Sunday Gazette-Mail from Charleston, West Virginia on July 30, 1972 · Page 40
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Sunday Gazette-Mail from Charleston, West Virginia · Page 40

Charleston, West Virginia
Issue Date:
Sunday, July 30, 1972
Page 40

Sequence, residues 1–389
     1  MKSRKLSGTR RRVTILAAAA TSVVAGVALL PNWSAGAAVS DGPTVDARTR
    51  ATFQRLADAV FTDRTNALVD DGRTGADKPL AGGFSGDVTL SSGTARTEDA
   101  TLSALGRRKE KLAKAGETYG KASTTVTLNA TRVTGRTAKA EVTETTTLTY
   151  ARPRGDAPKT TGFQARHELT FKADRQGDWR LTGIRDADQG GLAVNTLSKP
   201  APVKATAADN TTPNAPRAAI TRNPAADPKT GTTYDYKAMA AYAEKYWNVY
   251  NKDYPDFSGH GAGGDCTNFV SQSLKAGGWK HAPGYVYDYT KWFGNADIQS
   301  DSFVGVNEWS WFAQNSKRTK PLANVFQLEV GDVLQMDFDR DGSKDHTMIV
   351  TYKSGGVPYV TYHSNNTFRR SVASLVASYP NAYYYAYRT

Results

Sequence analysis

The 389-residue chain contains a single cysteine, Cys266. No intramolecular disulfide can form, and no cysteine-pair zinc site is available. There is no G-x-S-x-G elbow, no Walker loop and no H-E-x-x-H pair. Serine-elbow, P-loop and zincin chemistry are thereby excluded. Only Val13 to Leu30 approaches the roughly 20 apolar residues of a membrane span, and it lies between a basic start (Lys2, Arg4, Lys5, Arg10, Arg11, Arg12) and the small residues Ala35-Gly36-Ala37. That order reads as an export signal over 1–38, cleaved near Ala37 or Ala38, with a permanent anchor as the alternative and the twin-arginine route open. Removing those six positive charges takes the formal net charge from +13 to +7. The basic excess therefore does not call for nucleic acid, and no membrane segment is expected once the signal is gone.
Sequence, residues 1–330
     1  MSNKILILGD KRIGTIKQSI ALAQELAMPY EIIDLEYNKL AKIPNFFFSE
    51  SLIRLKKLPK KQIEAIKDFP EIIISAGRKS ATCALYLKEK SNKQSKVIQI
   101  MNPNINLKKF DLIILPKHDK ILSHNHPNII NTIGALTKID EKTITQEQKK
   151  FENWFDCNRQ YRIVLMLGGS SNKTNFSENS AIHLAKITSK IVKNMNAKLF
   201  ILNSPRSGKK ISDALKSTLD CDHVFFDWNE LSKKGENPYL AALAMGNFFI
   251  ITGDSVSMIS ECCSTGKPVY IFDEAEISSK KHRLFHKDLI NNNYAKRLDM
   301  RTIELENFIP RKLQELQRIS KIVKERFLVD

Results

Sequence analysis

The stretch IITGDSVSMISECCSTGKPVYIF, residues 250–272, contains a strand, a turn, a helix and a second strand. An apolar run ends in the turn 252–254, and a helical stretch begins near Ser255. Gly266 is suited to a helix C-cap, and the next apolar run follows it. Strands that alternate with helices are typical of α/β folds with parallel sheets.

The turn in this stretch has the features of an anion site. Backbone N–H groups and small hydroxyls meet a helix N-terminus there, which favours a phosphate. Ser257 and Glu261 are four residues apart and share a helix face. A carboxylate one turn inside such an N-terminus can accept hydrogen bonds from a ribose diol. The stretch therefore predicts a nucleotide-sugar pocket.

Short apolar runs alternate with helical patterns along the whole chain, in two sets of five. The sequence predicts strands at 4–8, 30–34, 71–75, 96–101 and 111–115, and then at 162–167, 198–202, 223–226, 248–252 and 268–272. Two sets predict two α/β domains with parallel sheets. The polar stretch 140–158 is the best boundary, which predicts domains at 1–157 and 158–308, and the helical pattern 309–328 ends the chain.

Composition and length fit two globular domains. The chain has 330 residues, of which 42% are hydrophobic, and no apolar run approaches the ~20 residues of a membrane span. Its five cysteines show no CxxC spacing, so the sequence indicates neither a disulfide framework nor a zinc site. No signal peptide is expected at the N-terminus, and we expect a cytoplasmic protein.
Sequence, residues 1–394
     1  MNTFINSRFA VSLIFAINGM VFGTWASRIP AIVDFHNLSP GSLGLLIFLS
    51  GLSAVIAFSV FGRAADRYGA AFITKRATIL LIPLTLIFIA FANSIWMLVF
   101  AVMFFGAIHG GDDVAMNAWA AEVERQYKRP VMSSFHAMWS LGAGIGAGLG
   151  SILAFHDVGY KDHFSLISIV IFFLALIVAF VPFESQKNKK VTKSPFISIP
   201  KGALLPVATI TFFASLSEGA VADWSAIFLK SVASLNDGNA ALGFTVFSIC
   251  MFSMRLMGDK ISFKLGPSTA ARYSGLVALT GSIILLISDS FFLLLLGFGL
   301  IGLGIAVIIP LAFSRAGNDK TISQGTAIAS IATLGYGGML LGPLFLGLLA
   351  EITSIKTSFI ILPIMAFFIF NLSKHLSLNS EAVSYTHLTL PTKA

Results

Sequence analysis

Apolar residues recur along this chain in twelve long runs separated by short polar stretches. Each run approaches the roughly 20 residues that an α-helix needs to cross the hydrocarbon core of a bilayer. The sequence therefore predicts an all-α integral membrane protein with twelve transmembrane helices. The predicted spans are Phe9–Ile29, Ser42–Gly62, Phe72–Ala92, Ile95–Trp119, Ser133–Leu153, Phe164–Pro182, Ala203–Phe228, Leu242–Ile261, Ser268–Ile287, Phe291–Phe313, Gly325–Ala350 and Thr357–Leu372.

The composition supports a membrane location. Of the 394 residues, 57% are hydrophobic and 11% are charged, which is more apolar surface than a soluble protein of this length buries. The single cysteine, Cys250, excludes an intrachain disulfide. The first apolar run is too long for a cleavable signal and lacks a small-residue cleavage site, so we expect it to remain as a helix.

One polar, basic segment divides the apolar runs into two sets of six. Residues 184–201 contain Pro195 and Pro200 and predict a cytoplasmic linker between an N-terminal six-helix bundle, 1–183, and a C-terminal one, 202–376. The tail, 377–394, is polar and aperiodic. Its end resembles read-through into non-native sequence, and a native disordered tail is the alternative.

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^ v^y--;-,·· rtf v ^ W to be the Last to Die TROOPS BOARD WAITING AIR TRANSPORT FOR VIETNAM WAR Inset Photos: Spec. John R. Urban (left) and Lt. Col. Robert Carman Bv Kav Bartlett T R A V I S A I R F O R C E B A S E , Calif.--(AP)-- The war protests go on. Troop w i t h d r a w a l s a r e a n n o u n c e d periodically on prime time. A presidential candidate runs on a "Peace Now" plank. And at Travis Air Force Base, the dispatcher announces Flight 281 will board Irom Gate Two. Final destination: Saigon. The replacement troops and advisers pull themselves up from the floors of the big barn-like terminal where some have been trying to sleep on duffel bags for hours. From the chairs, from the big cafeteria, from the little television sets you can watch for quarters, the young dogfaces and the beribbonerl brass head for the chartered commercial airliner that will take them into a country whose very name evokes a strong reaction from most Americans. Seven hundred to 800 men leave from thi.s air base north of San Francisco each week, some professional soldiers going back to Vietnam for their second or third tour of duty, some teenagers on their way !o get a first-hand look at a war they remember reading about practically all their lives. They go with many emotions. Adventure. Patriotism. The dream of saving a spot in the world threatened by communism. Bitterness at being among the last to go, perhaps the last to die. "What difference does it make how I feel about going?" asked an Army major. "I don't know why anyone should be interested in how we feel. We're going. That's it." A 20-vear-man, Armv Lt. Col. Robert Carman, says he looks forward to getting back into the field again. He served his first tour during the 1966-67 buildup. "It's the only fight we have right now," says Carman. "It's when- the action is. The pay is better, but the risk is greater. But that's our business. I'm a professional soldier."' Carman, who has a short crew c u t , says he has no political feelings about the Tightness or the wrongness of the war. "Politics is not our line of business. A soldier is a soldier. We've started something and I think we have to give the Vietnamese a chance. If it goes Communist, we can only say we've tried.' 1 THE THOUGHTS of the young men are far more volatile than "those of the professional soldiers. There's a young man calling for the use of atomic" weapons, another with a peace symbol tattooed on his arm, some who have signed peace petitions. But even among the professionals, the thoughts about being among the last to go vary. An Air Force technical sergeant, .going for his third tour of duty, says "Why should 1 go over now?" It's just, a political thing.'The first time I went, I thought I · was going for a cause. If I could just feel I was d o i n g some good, it would be different. If these people cared or wanted us in there. The non-com, with 20 years in and eight months away from retirement, declined to give his name. "Career men won't say how they really feel for the record. They know they'll get hung." His specialty will keep him in the field pretty much and this time around, he says he's scared. "I've run for bunkers before. but we had protection then. Now I'd rather have my seven and JO-year-old sons out there than the South. Vietnamese troops. They're undependable. I can see why they get the nickname 'Zipperhead'." "I do feel bitter this time. Nixon might want to save his honor, but I don't want him to do it with my l i f e . ' ' THE CAREER MEN generally looked upon their tour in Vietnam as just another job, a year-long transfer from corporate headquarters to an outlying branch office. Three Army majors, who just finished 18 weeks of school together at the State Department in Washington. D.C.. were reunited at. the base, waiting for their flight to be called. All had served earlier tours. "I'm not overjoyed about going, but. that's my job," said one, Maj. Waldo Freeman. "I'm a professional soldier." His buddy, Maj. John A. Noble added: "We still have a job to do over there. We want to see it finished honorably. Too' many Americans have died. I love this country and want to help save it." iMajors Freeman, Noble and John Koisch will be district senior advisers but don't feel they will be in as much danger this time as in their earlier tours of duty. None of the three feared being the last to die. "We'll be home before Christmas." said Freeman. "It is the success of Viet- namization, not the failure, that caused the recent new offensive. The 1968 Tet offensive was the beginning of the end of the VC." The end of the war was discussed by some with bitterness. Air Force Sgt. Cecil T. Crim, going back for the second lime in an 18-year career, predicts Nixon will pull everybody out by September. "It's pathetic. After all thi.s we're going to compromise just like we did in Korea without gaming a foot." says Crim. He spent only 21 days with his bride before he had to leave and he says the war is just a political expedient at this point. "The young men who ask 'Why am I here' have got the wrong question." As he heads for the plane that will take him to what could be the final battles, Crim isn't happy about the new military, t h e c 111 - d o w n d i s c i p l i n e a n d permissiveness. "There's no discipline left," says the .38- year-old Crim. "Curtis LeMay was right when he said t h a t if you're not going to train the m i l i - tary you might as well put civilians in there." THE VETS don't talk much about dying and killing. The recruits express the same feelings of all young men going to wars new or old--the fear for their lives and the spectre of k i l l i n g another human being. A 26-year-old Air Force captain, who declined to give his name, is assigned to be the co-pilot on a gunship. "I'll be pulling the triggers and I don't like it very much. You can j u s t i f y it in may ways and I guess I have because I haven't told them I wouldn't do it. I rationalize by realizing you're always helping somebody, even up there. "I didn't want to go. I don't think we're doing any good over there, anyway. And I. know killing somebody is going to change me, make me different somehow. I don't know how, yet." Air Force Staff Sgt. Mark Boettner, 23, is a bomb loader. "I don't feel personally responsible for what the bombs might do. I'm just following orders." For Steve Blum, 18, it's survival. Blum, kicked out of school in Sherman, N.Y., joined the Navy four months ago. He will be aboard the Defiance, an amphibious landing craft and will carry a .45 and an M-l. "It might, be exciting. I'll be up where the fire is. I figure it'll be them or me and I'll be pulling the triggers first.'' Blum, a "boot" was travelling with Navy E-3 Gary Owens, 21. Owens was returning to Vietnam after a leave. "Back here." said Owens. "I have second thoughts about the killing. Over there, it's like a turkey shoot. It's not the VC. It's just somebody who gets in the wav. Sunda ( » a / . r l l r - M a i l A f fairs "I just hope these kids won't learn to feel about death like I do." Army Specialist John R. Urban, a teacher of American history and government in Shrevesport, La., is one of the most opposed to going to Vietnam. "Man. I don't even hunt," says the 24r year-old schoolteacher. "All I want to do is go over there and turn a wrench. I don't want to kill anybody. I hope I can come back without knowing how. Five sergeants have already told me I have an attitude problem. I know that." Those expressing no fear are armed with statistics and rationales: "More people were murdered in Detroit last year." "Do you know how many people were killed in traffic accidents on the Fourth of July?" "How come nobody c o u n t s t h e n n m b p r w h o mm? bark unscathed?" One career man said he thought it was more dangerous driving 1-95 to the Pentagon every day. Air Force Captain Robert Carrico says even his wife has no worries. "She realizes I'm in a low risk occupation." The 25-year-old Carrico has a ready answer as to his feeling about being at the tail end of the troops going to Vietnam. "It's a business venture and I knew the club had an affiliate over there when I joined," he says. The war in Viet' nam is corning to an end. President Nixon says it'll be pretty soon. George McGovern · says he'd do it immediately. Kither way, the troops that are going now are among the last to go. . .perhaps among the last to die. Travis following the announcement, only one is in Vietnam. Spec. 4 Arlen Albertson. 21, of Rolla, N.D., signed the neccessary papers and went. "I want to go over and see what It's like," Albertson said in an interview the day after the announcement, when it was still unclear whether the decision would apply to him. "I have no fear of going. I was disgusted and disappointed about the situation. I talked to my parents and they don't know why I want to go. I tried to explain it to them." said Albertsnn, assigned to be infantryman. Of the 22 young men gathered at Travis, five said they still wanted to go. But when it, came down to the paper signing and the final decision, only Albertson persisted. In a time when everyone seems to have a strong feeling one way or another about Vietnam, many of the young men most involved did not. Some said they didn't know whether the way was right or wrong, had no idea who they would vote for in November, if in fact, they would vote. It was a chance for an alternative for some, something to do after getting kicked out or dropping out of high school. One 18-year- old said he enlisted because he lost his driver's license for too many violations and it. seemed as good a time as any to join the Army. , W"r.sf Virginia J u l y 30, 1972 III THE YOUNG Army men pass through Oakland Army Base en route to Travis AFB and then Vietnam. In the month of June, 1,100 came through, a few to find an IHh hour reprieve as President Nixon announced that draftees no longer must serve in Vietnam unless they volunteer for the duty. Three of the men spared Vietnam were hours away from boarding the airliner when word came through. "I don't know whether to thank God or Nixon." said one, Pfc. Robert McCarthy when he heard the news. "If I don't have to go my whole family will vote for Nixon." Of the 22 young men rounded up at . THE FEELING that the U. S. shouldn't be in the war, but since we were, the best possible fight should be fought was voiced by some. Spec. E-5 William Tuck joined the Army three years ago when he was 17 was waiting to return to Vietnam after a leave. "I joined to see the world, but I've seen all I want to see," said Tuck, who drives an ammunition-hauling tractor-trailer. He saw seven of his buddies killed. Tuck says he was last shot at May 18th and is not overjoyed about going back now. "We shouldn't be there, but we've got too much sunk in now to pull back. But I've spent my time wcr there. Let's get some of the longhairs ol'f the streets and send them over." "I'rr. not very optimistic." said Urban, "but. a drowning man will clutch at a straw." Urban, father of an 18-month-old son, fought the draft successfully for a while, but eventually Uncle Sam did indeed want him. He signed the aapers. Urban believing he was a draftee and Washington believing he enlisted. "f never brought it up until now," said Urban. "It. didn't make any difference. Now it makes all the difference. Nobody want, to be the last person sent to Vietnam. Nobody want to be the last to d:«! over there." Urban lost his case. And he was among the last to go. Black Lung: Frustration Breeds Activism It in an insidious disease, earned for hard work, and ending ait the slowly suffocating dust turns thp lungs black and britt.lp. It. debilitates men and leaves orphans and widows. Black lung remains a social as well as a medical problem. HUNTINGTON (AP)-These sickly men are everywhere in Appalachia--from the tiny, tired" coal camps to the teeming, thriving cities. Their symptoms are always the same--the wheezing voice, the gasping breath, the continual spitting. They are the victims of black lung. The U.S. Public Health Service several years ago counted 100.000 sufferers of pneumoconiosi.s. a disease of the lung caused by inhalation of dust particles. The Encylopedia Britannira calls it an occupational chest, disease. Those who live with it call it black lung. It is also a debilitating, life-shortening disease, much like emphysema. The coal dust permeates the air sacs of the lung, hardening them and impeding their ability to take up oxygen from the air. In the end the black lung victim may suffer heart trouble, and will certainly suffer a tiring, frustrating struggle for life's breath. Slow suffocation. Neither is it a new disease. Chronicled 2.000 years ago. it was a critical problem in England in the 1920s, and in Australia. In fact, anywhere man descended into the earth to dig out coai for energy. "THE 100.000 f i g u r e probably is outmoded," Dr. Donald Rasmussen, an expert on respiratory diseases, said. "I have seen estimates tha' state 50 to 60 per cent of the 350,00 miners applying for pncumoconiosis benefits should qualify." Rasm;iss?n heads up an \ppalarhian Regional Hospital clinic designed to diagnose lung ailments. THIS NATION'S first veal commitment to dealing with the affliction came in 1969 when the. landmark Federal Coal Mine Health and Safety Act was established, providing, according to Rasmussen. "some very adequate measures for dealing with the dust contents of mines." It, also provided benefits for thousands of stricken miners. A 1972 amendment extends benefits to Bv Richard Carelli an estimated 100,000 to 150.000 additional persons. The amendment will affec 1 , men like Houston Richardson and Ernie Morris, who in the past have been unsuccessful in compensation attempts. Richardson, a 37-year veteran of the mines in West Virginia's Creenbrier Coun- f t ; V i o c tp. cloon c i H i n c r l i n * n r f r o m n r r *,,-f l._v , ..,,,, ..I. . j, ., ...^ M j , t u . w . M f t , . l f t j i a o u two hours of sleep each night. HE DISCOVERED in 1962 "my lungs went bad on me" and was unable to return to work a f t e r a short hospitalization. "I couldn't, gpt no brpath" Richardson recalls. "I a i n ' t never been able to do a t h i n g since then. For five years. 1 spit up coal dust that, looked like big black cotton balls." Morris, a 64-year-old resident of nearby Fayette County, began experiencing breathing difficulties in 1938. "I can't eat but one meal a day." Morris said in his breathless, rasping voice. "I can't remember what it feels like to go through a day without pain." Sen. Jennings Randolph. D-W. Va., says that black lung victims inhabit every state of the union, with 3.000 benefit recipients living in New Jersey. Rasmussen does not c^st the coal industry as th'e only heavy. "It all reverts back to the union (United Mine Workers)," he said. "It is possible to eradicate this disease right now in this country as the Autralians have . . . providing there's enough pressure brought to bear on the industry. "That can only come," he charged, "if the union gets off its backside and sees to it that the industry adheres to the 1965 law.' 1 THE TROUBLED union refutes this. P'ormer UMW vice president George Tiller says. "The current union administration has more than lived up to its obligation of fighting for miner health and safety. The coal industry is safer now than it has ever been. The past track record has been a frustrating one for many '.rimers and their families. Of the thousands of claims filed in West Virginia in recent years, about 45 per cent have been approved. In Kentucky, only 33 per cent of the benefit applications made have met with success. "Coa! miners are not the type of people to try to get away with something..' Rep. Ken Hechler, D-W. Va., told a Senate subcommittee. "Tco many miners and widows filing for beneftts have told me they're made to fe^J they are on one side of a lawsuit with the U.S. government on the other side." · The frustration has led to a new phenomenon here--black lung activism. "OUR ORGANIZATION is tired of having the stricken miner ignored," West Virginia Black Lung Association president Arnold Miller explained. "We were formed to see to it these men who gave up their health and lives receive a fair deal." Soon, the UMW will hold a court-ordered election to choose n new international leadership and, according to Miller, the 30 black lung association chapters in eight states are alroady gearing up. "We'll soon control our union," Miller claimed. Besides Hechler. the association has received considerable support from Sen. Robert C. Byrd and Sen. Randolph, fellow West Virginian Democrats. Byrd, a child of the coalfields, has not forgotten his beginnings. "I have helped to carry coal miners to their graves on the rugged West Virginia hillsides," he said. "I have stood in the homes of weeping widows and I have seen the tesrs of their children. "Whatever we do . . . . we will, in my judgement, not be too much. If anything, it may be too little for the disabled miners and their families." f EX-MINER ERNIE MORRIS Hopes for Blapk Lung Aid